He also said that although the Insolvency and Bankruptcy Code (IBC) introduced by the Narendra Modi government is a good step for addressing the stress in the corporate sector and the banking sector due to bad loans, the focus of insolvency professionals is too much on liquidation and they pay insufficient attention to resolution. He recommended relying more on the option of takeover of boards of companies under the IBC, the way it was done for Satyam. This will improve chances of resolution of the companies, he said.
Former Chief Economic Advisor and Chairman EGROW Foundation, Arvind Virmani, recommended a thorough reform of the Goods and Services Tax (GST) to smoothen out the technological glitches in the collection and refunds system. The single step of reforming the GST, he said, will go a long way in reducing the pain of adjustments. He also recommended taking up the simplification of the direct taxes in the upcoming budget. Since the cuts in tax rates will result in revenue reduction in the short term, he recommended that the reductions should be carried out in a phased manner over the next three to four years. For boosting the farm sector, Virmani recommended decontrol of the agriculture sector. He also stressed the importance of land and labour reforms. He also advocated a focused push for quickly clearing and disbursing all dues of private companies pending with government departments.
Shubhda Rao, Chief Economist, Yes Bank, said that the recovery will not be a quick process and will take two to four more quarters. She said that the investment sentiment will improve with policy predictability and the corporate tax cuts rolled out by Finance Minister Nirmala Sitharaman will help business confidence because they improve the potential for returns on investments made.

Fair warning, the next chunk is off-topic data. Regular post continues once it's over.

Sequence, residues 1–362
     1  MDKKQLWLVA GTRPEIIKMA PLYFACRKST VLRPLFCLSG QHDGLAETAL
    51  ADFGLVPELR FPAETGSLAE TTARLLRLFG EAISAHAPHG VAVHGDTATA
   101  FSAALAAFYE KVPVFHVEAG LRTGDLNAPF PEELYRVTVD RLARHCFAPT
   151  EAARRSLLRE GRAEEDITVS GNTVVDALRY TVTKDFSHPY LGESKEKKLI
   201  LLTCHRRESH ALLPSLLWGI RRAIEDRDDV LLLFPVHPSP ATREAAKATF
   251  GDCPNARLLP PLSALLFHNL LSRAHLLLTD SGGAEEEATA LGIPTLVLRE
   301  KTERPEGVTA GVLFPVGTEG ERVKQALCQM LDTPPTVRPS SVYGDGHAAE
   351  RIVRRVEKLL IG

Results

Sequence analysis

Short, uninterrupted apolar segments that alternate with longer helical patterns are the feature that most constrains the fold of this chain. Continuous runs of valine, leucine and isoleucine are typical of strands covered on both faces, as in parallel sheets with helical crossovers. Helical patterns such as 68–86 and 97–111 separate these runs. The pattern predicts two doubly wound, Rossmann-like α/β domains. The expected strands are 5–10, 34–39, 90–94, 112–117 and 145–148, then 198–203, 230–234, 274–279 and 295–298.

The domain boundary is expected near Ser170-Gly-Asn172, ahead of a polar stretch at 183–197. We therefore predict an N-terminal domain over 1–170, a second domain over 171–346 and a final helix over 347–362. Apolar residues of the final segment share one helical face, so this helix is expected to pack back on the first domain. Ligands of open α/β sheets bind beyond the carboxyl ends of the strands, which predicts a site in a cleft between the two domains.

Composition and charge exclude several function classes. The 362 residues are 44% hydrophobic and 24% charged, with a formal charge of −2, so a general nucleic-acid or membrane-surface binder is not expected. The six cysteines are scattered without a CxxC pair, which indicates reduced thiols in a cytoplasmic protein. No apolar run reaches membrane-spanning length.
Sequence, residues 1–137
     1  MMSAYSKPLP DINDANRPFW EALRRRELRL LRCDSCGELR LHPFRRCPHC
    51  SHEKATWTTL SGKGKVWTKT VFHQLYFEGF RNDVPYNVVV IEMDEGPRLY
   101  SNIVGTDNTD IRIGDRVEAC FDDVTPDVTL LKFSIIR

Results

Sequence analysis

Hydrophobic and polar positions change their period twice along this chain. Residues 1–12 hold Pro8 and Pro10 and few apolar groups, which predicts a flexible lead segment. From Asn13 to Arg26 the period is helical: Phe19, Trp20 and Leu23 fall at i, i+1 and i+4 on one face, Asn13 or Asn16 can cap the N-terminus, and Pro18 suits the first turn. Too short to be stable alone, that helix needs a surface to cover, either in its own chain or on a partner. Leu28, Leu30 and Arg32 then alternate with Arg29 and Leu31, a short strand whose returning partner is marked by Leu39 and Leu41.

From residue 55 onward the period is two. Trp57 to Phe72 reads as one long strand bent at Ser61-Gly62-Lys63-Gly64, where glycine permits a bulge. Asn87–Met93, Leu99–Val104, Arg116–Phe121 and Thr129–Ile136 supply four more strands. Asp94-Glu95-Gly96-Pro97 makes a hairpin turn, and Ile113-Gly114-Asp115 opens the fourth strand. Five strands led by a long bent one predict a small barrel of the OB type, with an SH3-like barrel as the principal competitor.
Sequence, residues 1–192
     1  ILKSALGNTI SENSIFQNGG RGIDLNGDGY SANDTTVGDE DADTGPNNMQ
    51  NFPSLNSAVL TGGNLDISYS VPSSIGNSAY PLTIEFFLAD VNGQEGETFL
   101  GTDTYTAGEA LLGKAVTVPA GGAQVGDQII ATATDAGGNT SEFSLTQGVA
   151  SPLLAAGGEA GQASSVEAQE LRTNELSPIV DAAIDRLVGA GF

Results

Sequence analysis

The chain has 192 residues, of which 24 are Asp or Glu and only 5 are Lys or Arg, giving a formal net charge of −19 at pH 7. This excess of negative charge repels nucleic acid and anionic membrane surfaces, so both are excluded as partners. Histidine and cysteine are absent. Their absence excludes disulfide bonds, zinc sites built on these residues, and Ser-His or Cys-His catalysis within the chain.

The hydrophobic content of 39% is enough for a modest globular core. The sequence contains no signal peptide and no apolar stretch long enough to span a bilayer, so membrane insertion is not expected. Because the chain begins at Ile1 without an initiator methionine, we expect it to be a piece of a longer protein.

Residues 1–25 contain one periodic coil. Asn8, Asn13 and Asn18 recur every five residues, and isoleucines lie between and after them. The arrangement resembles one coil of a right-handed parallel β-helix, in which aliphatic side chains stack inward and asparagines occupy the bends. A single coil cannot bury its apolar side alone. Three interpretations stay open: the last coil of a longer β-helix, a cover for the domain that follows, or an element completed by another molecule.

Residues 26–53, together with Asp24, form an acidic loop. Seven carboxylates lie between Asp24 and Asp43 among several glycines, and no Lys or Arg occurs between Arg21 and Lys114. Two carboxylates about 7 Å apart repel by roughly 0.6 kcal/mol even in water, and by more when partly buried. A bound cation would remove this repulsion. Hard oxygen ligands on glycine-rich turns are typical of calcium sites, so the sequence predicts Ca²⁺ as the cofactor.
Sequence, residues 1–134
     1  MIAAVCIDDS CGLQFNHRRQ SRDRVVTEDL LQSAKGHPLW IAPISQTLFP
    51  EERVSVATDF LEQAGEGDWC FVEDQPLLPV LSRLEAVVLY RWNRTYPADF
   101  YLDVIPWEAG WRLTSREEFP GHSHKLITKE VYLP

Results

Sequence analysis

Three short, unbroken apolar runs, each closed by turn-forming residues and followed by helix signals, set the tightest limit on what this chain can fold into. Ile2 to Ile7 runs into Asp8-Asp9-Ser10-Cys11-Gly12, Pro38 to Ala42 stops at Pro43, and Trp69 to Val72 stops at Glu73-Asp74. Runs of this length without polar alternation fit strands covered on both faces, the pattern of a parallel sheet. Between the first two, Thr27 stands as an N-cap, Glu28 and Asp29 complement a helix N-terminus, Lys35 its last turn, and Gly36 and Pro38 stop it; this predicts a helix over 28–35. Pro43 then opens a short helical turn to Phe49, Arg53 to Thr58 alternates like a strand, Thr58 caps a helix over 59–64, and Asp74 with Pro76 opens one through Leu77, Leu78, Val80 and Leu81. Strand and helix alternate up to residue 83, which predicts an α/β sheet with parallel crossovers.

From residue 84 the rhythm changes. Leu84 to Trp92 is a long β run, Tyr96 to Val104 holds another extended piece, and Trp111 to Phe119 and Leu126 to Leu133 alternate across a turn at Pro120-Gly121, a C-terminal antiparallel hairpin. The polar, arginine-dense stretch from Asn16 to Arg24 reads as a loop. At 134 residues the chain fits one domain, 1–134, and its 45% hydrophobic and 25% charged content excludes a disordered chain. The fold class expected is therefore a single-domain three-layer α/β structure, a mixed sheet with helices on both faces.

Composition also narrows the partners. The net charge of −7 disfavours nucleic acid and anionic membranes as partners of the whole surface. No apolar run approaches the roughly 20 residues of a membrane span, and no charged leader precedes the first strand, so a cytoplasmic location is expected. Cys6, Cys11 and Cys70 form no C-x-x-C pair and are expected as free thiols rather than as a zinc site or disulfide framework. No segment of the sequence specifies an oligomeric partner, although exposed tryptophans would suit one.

Explaining the imperfect transmission of repo rate cuts to lending rates of banks, she said, banks are unable to lower deposit rates much because of the savings slowdown in the economy as a result of which lending rates have not dropped as much as the RBI’s policy rates have. Still, she was hopeful, that there is room for further 25-40 basis points reduction by the RBI in its policy rates before it reaches the end of the ongoing easing monetary cycle.
D K Joshi, Chief Economist, CRISIL, agreed with Rao that a quick economic recovery cannot be expected, and it will take a couple of quarters. He recommended that the government raise non-tax revenue through asset monetisation and strategic disinvestment and use that to put money in the hands of the people for demand creation. He proposed the use of channels such as MGNREGA, PM-KISAN and construction-centric government expenditure schemes for this purpose.
Subhomoy Bhattacharjee, Consultant, Research & Information System for Developing Countries (RIS) stressed on the importance of addressing the problems faced by the small, medium and micro enterprises (MSMEs) in the current slowdown. “The spurt in GDP growth a few years ago had come when exports had grown rapidly. Exports is where the manufacturing sector will expand,” he said. Expanding manufacturing is essential to make sure that the excess labour from the agriculture sector can be absorbed into productive jobs.